But Katherine Zimmerman, a successful computer consultant, says her application was rejected because she was a stay-at-home mom who worked part time. "I feel like they have basically refused to offer me an opportunity that I believe would make them proud, and help my daughters have a very positive future and role model as a business leader and a woman today," Zimmerman explains.
Despite being refused entrance three times, Zimmerman still wants to attend the school -- so she's suing for admission. She says, "I want them to recognize that raising children is a part of being fully employed."
In her lawsuit, Zimmerman claims a university admissions employee told her that 100 percent of stay-at-home mothers are rejected from the school's evening MBA program.
According to Zimmerman's attorney, Julia Sherwin, "We feel this across-the-board exclusion of people who don't work 40 hours a week in a paid position is really an exclusion of moms or women who work part time."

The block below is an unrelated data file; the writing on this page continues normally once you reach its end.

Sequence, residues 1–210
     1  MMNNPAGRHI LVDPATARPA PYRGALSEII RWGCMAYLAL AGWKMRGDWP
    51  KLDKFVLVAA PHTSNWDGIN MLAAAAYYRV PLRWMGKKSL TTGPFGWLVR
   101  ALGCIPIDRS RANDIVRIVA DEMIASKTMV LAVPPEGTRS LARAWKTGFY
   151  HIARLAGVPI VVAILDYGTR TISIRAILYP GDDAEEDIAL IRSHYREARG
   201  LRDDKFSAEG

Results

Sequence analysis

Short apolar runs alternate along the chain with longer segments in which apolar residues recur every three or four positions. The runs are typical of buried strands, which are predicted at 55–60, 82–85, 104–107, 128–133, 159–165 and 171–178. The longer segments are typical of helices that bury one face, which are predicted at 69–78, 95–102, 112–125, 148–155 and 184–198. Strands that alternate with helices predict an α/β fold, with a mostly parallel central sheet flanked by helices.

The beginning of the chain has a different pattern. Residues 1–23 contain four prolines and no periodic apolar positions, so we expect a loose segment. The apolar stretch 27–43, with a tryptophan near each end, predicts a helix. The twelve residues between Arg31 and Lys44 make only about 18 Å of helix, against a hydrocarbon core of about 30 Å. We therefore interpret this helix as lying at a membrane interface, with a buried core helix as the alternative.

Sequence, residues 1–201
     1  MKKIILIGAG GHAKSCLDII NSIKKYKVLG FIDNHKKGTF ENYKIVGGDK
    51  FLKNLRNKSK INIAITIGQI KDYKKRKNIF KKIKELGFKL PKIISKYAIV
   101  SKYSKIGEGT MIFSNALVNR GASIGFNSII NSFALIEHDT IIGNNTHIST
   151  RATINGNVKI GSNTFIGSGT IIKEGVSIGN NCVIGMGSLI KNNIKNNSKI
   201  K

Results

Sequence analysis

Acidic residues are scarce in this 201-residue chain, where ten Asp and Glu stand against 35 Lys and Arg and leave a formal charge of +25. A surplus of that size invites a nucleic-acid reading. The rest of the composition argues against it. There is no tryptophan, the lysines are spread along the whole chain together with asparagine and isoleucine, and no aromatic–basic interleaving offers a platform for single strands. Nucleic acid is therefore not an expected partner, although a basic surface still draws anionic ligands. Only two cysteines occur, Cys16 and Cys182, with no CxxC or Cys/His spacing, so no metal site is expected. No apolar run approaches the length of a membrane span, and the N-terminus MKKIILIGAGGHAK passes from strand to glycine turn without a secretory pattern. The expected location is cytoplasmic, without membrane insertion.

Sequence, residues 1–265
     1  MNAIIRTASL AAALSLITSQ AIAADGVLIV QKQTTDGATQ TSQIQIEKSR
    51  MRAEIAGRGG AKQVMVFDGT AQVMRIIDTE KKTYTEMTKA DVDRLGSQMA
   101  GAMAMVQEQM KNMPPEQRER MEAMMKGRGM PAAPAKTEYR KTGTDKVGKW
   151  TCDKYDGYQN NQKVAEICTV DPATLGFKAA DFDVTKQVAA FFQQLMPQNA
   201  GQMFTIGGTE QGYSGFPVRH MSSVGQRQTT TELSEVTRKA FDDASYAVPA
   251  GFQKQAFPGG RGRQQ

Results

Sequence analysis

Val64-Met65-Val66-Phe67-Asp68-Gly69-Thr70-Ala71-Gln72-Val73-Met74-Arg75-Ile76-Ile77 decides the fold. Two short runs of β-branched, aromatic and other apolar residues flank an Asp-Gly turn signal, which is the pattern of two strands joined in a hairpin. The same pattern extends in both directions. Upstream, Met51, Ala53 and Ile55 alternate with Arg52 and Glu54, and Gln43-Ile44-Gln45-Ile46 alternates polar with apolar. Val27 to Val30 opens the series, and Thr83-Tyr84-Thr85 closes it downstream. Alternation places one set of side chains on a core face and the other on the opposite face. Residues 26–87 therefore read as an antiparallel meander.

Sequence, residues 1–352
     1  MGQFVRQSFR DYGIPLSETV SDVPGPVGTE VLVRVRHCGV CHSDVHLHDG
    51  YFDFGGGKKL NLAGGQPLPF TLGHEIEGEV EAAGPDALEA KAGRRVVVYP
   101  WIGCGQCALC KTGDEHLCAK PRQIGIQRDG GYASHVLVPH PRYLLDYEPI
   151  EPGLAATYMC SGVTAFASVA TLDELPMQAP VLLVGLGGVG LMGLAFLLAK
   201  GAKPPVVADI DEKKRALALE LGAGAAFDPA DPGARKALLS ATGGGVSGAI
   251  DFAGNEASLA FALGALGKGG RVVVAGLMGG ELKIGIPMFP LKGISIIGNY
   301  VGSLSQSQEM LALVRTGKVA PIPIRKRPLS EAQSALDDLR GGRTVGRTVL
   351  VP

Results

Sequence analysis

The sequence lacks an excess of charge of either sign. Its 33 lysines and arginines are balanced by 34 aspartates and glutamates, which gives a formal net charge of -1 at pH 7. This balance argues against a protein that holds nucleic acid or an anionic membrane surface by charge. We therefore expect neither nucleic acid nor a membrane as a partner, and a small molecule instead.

An annual study of the nation's leading business schools finds only one-third of enrolled students are female. This puts UC Berkeley -- at 38 percent -- above the U.S. average.
University officials wouldn't comment on the lawsuit, but they did admit the admissions policy for some programs at the campus' Haas School of Business requires full-time employment.
But business school admission consultants say that working part time is not a reason to be rejected. "I think the question for the school isn't so much, 'Is the person working part time or full time, or is the person working in their house or a ten story office building?'", says Sally Lannin, President of MBA Strategies. "More specifically they're asking, OK let's look at the total package of this applicant."
Zimmerman says her package of qualifications was in line with other students in the program, and the only thing holding her back was motherhood.